Reset A A Font size: Print

Supreme Court, Appellate Division, First Department, New York.

Kathleen TAGGART, Plaintiff-Appellant, v. STATE FARM MUTUAL AUTOMOBILE INSURANCE COMPANY, Defendant-Respondent.

Decided: May 23, 2000

ROSENBERGER, J.P., WILLIAMS, MAZZARELLI, RUBIN and FRIEDMAN, JJ. Jo Freeman, for Plaintiff-Appellant. Howard J. Newman, for Defendant-Respondent.

Order, Supreme Court, New York County (Charles Ramos, J.), entered April 20, 1999, which, inter alia, granted defendant's motion for summary judgment dismissing the complaint, unanimously affirmed, without costs.

 Plaintiff was injured when she was hit by a motorcycle, and defendant, the insurer of the motorcycle's operator and owner, thereafter agreed to pay plaintiff no-fault medical benefits.   After making such payments for a period, defendant, pursuant to 11 NYCRR 65.15(g)(2)(ii), sent plaintiff a denial of claim form, dated July 13, 1990, notifying her that her no-fault medical benefits were to be discontinued in light of medical examinations indicating that she was no longer disabled.   From the date of the denial of claim, plaintiff had six years to challenge the denial as a breach of defendant's agreement to pay her no-fault benefits and may not have the applicable statutory period extended until her commencement of this action in 1998 simply because she continued to submit bills for payment subsequent to her receipt of the July 13, 1990 denial notice.   Accordingly, plaintiff's first cause of action challenging the defendant's discontinuance of the subject no-fault medical benefits was properly dismissed as time-barred.   Also properly dismissed were plaintiff's remaining causes alleging breaches of the policy issued to defendant's insureds.   Plaintiff is not defendant's insured and, thus, has no standing to sue defendant for breach of that policy.   We note in this regard that this is not a case in which the statutory exception set forth in Insurance Law § 3420 is applicable to the general common-law rule of standing.   The conditions set forth in Insurance Law § 3420 for the assertion of a contract claim by a tort claimant under the tortfeasor's liability policy have not been met by plaintiff (see, Clarendon Place Corp. v. Landmark Ins. Co., 182 A.D.2d 6, 587 N.Y.S.2d 311, lv. dismissed and denied 80 N.Y.2d 918, 589 N.Y.S.2d 303, 602 N.E.2d 1119).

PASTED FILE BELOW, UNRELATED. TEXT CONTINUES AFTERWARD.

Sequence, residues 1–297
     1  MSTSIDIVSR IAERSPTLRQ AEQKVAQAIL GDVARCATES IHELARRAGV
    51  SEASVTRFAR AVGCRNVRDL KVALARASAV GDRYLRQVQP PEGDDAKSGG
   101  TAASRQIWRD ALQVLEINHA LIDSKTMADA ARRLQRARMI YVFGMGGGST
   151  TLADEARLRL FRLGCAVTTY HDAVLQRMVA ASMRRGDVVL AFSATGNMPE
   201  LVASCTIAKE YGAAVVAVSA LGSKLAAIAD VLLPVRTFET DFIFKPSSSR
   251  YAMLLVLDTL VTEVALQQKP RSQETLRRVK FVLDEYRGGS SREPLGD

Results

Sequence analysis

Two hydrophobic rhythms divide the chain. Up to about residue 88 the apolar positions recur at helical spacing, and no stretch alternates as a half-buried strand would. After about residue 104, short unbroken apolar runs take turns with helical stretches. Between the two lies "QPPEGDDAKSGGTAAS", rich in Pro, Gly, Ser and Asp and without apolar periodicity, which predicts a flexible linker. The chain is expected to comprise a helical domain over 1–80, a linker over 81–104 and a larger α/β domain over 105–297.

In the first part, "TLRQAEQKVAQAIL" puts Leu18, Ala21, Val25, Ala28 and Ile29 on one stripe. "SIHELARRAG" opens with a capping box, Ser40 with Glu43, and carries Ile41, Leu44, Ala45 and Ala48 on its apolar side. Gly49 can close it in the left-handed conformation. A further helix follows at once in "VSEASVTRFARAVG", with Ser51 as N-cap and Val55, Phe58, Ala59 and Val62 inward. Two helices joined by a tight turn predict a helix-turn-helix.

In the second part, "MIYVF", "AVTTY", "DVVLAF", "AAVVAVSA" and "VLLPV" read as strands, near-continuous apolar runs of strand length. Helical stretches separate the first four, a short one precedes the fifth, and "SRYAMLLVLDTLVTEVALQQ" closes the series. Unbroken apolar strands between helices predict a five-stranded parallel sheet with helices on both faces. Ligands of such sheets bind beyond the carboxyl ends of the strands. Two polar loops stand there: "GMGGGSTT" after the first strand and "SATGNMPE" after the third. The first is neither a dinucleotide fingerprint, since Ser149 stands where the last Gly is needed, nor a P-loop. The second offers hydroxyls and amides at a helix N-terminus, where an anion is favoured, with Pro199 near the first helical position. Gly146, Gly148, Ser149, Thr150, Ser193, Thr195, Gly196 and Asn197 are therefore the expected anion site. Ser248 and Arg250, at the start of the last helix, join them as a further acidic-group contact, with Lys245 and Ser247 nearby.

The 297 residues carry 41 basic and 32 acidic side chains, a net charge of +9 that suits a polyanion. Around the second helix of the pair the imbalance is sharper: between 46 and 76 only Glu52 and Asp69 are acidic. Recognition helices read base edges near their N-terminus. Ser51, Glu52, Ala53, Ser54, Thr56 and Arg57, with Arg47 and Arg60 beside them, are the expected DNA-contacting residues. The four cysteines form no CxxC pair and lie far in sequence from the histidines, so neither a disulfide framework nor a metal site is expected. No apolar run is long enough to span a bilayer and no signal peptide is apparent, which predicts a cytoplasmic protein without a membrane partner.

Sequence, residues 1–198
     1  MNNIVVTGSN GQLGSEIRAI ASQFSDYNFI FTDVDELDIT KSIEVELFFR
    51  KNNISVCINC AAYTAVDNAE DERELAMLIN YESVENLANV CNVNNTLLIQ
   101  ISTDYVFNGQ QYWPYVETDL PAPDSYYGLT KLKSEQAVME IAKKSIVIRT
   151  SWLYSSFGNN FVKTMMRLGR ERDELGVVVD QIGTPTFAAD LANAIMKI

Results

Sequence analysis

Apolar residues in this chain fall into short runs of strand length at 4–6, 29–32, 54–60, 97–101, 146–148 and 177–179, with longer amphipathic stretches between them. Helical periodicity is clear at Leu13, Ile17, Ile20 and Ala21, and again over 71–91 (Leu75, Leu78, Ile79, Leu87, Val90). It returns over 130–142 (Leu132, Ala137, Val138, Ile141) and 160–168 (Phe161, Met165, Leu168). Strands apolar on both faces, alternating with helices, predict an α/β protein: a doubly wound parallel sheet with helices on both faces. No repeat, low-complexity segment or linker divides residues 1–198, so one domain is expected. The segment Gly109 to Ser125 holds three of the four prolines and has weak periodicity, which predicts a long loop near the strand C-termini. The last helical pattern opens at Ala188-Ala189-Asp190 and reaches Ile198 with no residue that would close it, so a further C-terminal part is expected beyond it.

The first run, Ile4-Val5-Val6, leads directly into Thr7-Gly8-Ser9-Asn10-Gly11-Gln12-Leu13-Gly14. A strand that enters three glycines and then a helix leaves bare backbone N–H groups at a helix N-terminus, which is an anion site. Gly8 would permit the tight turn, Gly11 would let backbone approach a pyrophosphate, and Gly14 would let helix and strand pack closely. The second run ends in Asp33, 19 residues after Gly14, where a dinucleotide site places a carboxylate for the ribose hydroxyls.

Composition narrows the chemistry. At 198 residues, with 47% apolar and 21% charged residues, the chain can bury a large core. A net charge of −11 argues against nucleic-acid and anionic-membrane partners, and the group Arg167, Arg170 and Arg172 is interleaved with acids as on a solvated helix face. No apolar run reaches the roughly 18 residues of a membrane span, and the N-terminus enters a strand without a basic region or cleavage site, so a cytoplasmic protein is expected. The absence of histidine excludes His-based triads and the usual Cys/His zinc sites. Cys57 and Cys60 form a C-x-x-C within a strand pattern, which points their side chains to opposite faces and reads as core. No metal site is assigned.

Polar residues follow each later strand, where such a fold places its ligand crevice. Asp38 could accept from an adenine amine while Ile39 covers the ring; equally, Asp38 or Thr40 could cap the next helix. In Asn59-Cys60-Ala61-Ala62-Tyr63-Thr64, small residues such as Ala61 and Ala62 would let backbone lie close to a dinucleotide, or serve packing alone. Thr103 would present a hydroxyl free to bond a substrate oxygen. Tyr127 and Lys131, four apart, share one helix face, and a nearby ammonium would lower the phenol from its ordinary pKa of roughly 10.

We have considered plaintiff's remaining arguments and find them unavailing.